On March 24, the National Academy of Television Arts and Sciences (NATAS) honored nine APT-distributed programs with a total of 11 Daytime Emmy nominations.Read More »
APT's public television hosts and lifestyle programs – including Lidia Bastianich, Rick Bayless, Martin Yan, P. Allen Smith’s Garden Home, Growing a Greener World, Pati’s Mexican Table, and America’s Test Kitchen – are among the winners of the 2015 TASTE AWARDS. Read More »
The Wall Street Journal named the Australian drama A Place To Call Home as one of the best television shows of 2015. Seasons 1 & 2 are available now on public television, so check your local listings to watch this "impossibly addictive series." Read More »
Public television in the United States is extraordinarily diverse. It is made up of local stations, national providers of programming (like APT) and organizations devoted to technical support, management assistance and research.
The public television community consists of 350+ individually owned and operated stations, with some markets containing one or more public television stations. Local and regional interests and other factors play a key role in program purchasing and scheduling strategies for individual stations.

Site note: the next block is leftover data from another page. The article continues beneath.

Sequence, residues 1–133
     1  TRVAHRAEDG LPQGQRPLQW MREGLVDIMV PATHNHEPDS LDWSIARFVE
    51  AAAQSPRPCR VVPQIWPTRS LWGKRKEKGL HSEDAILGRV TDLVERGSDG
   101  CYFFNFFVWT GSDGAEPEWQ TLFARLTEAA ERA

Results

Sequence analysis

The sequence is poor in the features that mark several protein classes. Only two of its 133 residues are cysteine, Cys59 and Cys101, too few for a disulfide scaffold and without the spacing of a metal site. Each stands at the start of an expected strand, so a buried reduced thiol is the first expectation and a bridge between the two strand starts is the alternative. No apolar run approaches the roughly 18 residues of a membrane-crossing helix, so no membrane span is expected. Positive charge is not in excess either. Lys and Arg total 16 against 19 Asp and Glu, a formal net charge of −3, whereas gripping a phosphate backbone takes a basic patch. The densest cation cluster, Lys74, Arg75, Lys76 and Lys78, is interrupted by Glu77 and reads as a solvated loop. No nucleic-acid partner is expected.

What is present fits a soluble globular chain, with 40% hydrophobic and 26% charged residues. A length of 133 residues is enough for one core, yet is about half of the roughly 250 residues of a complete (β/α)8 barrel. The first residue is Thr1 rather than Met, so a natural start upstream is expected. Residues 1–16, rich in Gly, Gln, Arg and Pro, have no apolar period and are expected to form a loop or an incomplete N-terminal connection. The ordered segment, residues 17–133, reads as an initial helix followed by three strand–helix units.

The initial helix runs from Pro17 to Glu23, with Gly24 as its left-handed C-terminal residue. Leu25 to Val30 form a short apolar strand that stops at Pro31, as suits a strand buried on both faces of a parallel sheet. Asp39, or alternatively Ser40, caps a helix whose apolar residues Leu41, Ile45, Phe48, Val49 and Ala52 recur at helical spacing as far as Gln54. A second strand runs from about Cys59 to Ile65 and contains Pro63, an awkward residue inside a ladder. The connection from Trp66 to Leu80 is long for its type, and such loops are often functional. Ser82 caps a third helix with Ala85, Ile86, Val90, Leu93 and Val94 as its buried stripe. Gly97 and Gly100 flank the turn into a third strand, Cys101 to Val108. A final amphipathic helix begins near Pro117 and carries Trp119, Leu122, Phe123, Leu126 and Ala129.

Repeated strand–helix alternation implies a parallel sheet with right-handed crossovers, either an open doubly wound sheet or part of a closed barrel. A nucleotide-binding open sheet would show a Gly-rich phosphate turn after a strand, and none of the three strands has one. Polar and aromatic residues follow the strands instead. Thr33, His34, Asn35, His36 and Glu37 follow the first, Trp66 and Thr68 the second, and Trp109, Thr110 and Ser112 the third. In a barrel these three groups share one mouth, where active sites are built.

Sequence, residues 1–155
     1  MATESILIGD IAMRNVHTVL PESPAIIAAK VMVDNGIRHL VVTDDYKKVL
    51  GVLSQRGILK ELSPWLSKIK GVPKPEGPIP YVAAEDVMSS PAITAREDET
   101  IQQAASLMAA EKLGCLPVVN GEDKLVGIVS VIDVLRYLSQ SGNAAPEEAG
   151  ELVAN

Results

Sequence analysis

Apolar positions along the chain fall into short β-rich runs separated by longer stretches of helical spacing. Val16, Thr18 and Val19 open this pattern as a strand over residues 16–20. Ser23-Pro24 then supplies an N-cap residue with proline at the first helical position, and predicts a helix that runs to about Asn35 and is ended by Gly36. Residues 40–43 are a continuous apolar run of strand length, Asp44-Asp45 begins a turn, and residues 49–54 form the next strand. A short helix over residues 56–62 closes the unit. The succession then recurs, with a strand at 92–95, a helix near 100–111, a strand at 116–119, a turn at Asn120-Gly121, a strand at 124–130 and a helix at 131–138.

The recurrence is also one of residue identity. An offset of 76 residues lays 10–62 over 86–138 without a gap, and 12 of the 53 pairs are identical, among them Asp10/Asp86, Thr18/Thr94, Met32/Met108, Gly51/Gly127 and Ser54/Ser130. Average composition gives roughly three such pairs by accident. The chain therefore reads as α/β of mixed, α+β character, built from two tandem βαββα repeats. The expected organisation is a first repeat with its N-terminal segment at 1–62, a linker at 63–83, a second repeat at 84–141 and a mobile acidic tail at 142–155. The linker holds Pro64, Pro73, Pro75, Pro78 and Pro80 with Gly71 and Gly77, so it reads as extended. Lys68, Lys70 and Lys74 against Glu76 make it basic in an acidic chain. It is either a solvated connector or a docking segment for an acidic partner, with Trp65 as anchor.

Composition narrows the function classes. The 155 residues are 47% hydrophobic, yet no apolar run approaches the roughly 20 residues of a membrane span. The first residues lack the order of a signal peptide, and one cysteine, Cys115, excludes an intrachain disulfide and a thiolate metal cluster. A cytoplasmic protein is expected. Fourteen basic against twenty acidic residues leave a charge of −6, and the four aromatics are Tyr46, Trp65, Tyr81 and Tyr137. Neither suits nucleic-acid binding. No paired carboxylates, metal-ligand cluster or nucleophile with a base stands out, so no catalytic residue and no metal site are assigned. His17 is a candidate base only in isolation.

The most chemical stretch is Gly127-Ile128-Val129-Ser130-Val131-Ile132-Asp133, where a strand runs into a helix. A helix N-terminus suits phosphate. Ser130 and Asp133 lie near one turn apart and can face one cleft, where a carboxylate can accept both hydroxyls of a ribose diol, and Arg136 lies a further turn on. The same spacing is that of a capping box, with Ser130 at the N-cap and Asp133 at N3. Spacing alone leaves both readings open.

Many mistakenly refer to the entire public television system as “PBS.” However, The Public Broadcasting Service (PBS) is not a network (like NBC or FOX), but rather a member-based association of public television stations organized to buy and distribute programs. APT is the second-largest distributor of public television programming, next to PBS. Other distributors include NETA (National Educational Telecommunications Association) and ITVS (Independent Television Service).
Each month, PBS publishes a recommended primetime schedule for several weeknights, and most stations adhere to it. However, stations still need additional programming to air during the rest of the week, including primetime hours, evenings, early and late fringe and fundraising drives. For this additional programming, these stations most often turn to American Public Television (APT).
APT’s diverse catalog — representing nearly 4,000 hours of non-commercial programming — helps stations customize and differentiate their broadcast schedules to meet local interests and market demands.